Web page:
Stuff(y) to Worry About?

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While parents of newborns may have a lot to worry about, a stuffy nose is probably not one of the serious concerns.

It’s safe to say that babies aren’t known for their sanitary behavior. They crawl on the floor, don’t cover their mouths when they sneeze and put whatever they can find in their mouths.

Combine these habits with a new immune system that’s trying its best to fend off a world of new threats, and it should be no surprise that your baby spends a lot of time with a runny nose.

In fact, while her immune system is developing, she may get up to 10 colds a year before her second birthday. Considering the average length of a cold for a baby is 10 to 14 days, that’s quite a few days of congestion.

As a new parent, it may seem like worrying about things like this is a full-time job—even the smallest of things can send parents into a panic. But for something as common as the common cold, there is a right and wrong way to deal with it.

Don’t panic—A runny nose doesn’t necessarily mean your baby has a fever or the flu. If this is the only symptom your baby is showing, then chances are he is okay.

Do check the color—The color of your baby’s nasal mucus can tell you more than you might think. Clear secretions are usually fine, while yellow or green mucus may indicate a more serious sinus infection.

Don’t use cold medications—The U.S. Food & Drug Administration doesn’t recommend any over-the-counter cold or cough medicines for children younger than 2 years old.

Do check the baby’s eating habits—While a runny nose by itself is more annoying than dangerous, it can impact the baby's ability to breastfeed. This is a time when babies need to breathe freely through their nose.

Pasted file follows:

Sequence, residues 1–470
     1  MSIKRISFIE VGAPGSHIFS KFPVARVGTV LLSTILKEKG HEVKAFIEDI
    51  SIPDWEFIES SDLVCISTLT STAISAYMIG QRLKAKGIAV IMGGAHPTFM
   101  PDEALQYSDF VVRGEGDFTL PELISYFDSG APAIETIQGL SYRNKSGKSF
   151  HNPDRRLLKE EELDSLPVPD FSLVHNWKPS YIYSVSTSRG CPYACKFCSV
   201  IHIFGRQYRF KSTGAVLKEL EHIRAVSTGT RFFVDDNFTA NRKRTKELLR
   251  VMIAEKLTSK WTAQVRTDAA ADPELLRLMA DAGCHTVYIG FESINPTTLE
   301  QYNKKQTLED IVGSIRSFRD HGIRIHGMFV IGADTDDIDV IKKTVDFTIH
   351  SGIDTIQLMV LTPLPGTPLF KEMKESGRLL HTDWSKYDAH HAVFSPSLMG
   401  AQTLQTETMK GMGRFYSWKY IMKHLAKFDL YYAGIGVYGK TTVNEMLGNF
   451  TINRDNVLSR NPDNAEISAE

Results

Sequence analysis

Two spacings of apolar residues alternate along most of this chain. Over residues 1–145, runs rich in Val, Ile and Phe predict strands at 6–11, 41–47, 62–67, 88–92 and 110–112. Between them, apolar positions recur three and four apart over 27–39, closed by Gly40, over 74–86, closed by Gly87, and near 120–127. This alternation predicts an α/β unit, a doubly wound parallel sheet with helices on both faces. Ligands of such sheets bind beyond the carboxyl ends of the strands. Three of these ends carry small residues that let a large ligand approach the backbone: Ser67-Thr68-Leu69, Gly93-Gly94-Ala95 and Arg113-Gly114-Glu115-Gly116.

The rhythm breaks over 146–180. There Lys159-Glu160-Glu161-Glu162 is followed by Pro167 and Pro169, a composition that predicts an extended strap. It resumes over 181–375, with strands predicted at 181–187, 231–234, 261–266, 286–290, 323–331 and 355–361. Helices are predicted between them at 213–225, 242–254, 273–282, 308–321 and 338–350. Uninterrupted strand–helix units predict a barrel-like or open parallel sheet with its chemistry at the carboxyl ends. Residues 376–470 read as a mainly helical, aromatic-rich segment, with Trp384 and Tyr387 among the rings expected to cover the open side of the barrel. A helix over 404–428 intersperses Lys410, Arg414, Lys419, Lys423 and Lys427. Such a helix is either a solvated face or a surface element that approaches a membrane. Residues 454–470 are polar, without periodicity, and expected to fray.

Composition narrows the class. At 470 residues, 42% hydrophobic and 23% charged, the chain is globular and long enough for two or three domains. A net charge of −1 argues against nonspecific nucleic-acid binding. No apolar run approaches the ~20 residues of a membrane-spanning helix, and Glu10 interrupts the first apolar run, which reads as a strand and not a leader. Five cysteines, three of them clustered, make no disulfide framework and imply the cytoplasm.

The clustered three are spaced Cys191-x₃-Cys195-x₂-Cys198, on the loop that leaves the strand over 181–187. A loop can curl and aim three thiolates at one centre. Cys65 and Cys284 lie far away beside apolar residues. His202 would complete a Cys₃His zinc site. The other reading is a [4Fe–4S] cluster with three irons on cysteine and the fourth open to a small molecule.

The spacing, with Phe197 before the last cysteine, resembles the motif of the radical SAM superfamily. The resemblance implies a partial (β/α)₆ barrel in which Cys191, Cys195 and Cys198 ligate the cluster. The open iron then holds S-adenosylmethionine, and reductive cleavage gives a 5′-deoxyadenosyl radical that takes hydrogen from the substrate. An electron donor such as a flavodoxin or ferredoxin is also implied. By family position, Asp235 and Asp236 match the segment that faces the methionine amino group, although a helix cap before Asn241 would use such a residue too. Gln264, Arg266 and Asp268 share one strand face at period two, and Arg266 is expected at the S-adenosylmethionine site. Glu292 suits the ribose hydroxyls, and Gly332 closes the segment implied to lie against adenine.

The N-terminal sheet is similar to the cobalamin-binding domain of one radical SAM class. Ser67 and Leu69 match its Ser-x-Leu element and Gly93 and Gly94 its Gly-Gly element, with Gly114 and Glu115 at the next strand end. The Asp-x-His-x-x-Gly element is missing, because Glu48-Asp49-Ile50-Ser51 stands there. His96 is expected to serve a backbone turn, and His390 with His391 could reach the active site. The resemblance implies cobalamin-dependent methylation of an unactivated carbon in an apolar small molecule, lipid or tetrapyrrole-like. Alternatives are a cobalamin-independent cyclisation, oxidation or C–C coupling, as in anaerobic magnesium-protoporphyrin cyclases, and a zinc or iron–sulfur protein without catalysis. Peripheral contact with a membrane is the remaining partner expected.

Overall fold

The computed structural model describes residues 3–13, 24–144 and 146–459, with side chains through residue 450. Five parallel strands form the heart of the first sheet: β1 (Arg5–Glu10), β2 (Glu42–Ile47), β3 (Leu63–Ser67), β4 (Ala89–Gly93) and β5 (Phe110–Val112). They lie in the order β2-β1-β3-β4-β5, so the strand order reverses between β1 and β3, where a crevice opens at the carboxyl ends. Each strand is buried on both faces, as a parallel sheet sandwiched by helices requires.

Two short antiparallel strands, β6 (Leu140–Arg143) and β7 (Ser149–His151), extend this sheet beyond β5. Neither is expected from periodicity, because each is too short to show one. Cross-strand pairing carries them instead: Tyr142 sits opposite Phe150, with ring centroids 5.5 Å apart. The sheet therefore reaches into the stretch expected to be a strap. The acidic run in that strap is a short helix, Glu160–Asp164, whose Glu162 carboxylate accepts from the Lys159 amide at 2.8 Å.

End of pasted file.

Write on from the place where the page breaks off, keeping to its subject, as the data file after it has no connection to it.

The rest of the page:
Don’t forget saline—Saline nasal sprays are some of the best ways to clean a baby’s nasal passage. They are safe and very efficient at helping your baby drain her nose.

Do get creative—Steaming up the bathroom, running a cool air humidifier and slightly elevating the baby’s mattress to raise his head can be great ways to help your baby breathe easier.

A Clean Crib

Babies are not known for their strong immune systems. While limited exposure to outside germs may help your little one build up a stronger resistance, there is only so much that their little bodies can handle.

By following these cleaning tips, you can make sure that germs don’t overwhelm your baby:

Wipe down toys—It may seem silly cleaning a stuffed animal or building blocks, but these objects spend a lot of time on the floor as well as in the mouth of your baby. An occasional cleaning—along with sanitizing—might be in order.

Master quick cleaning—As the parent of an infant, you simply won’t have time to clean the entire house regularly. So, as you have time, spot clean high-volume areas that need it most.

Did You Know?

> Harvard Medical School reports that more than 200 viruses can cause the common cold.

> Breastfed babies generally get less sick than babies who don’t breastfeed.

> While over 200 viruses can lead to the cold, rhinovirus is one of the most common culprits and can cause ear infections, sinus infections and sore throats, among other symptoms.

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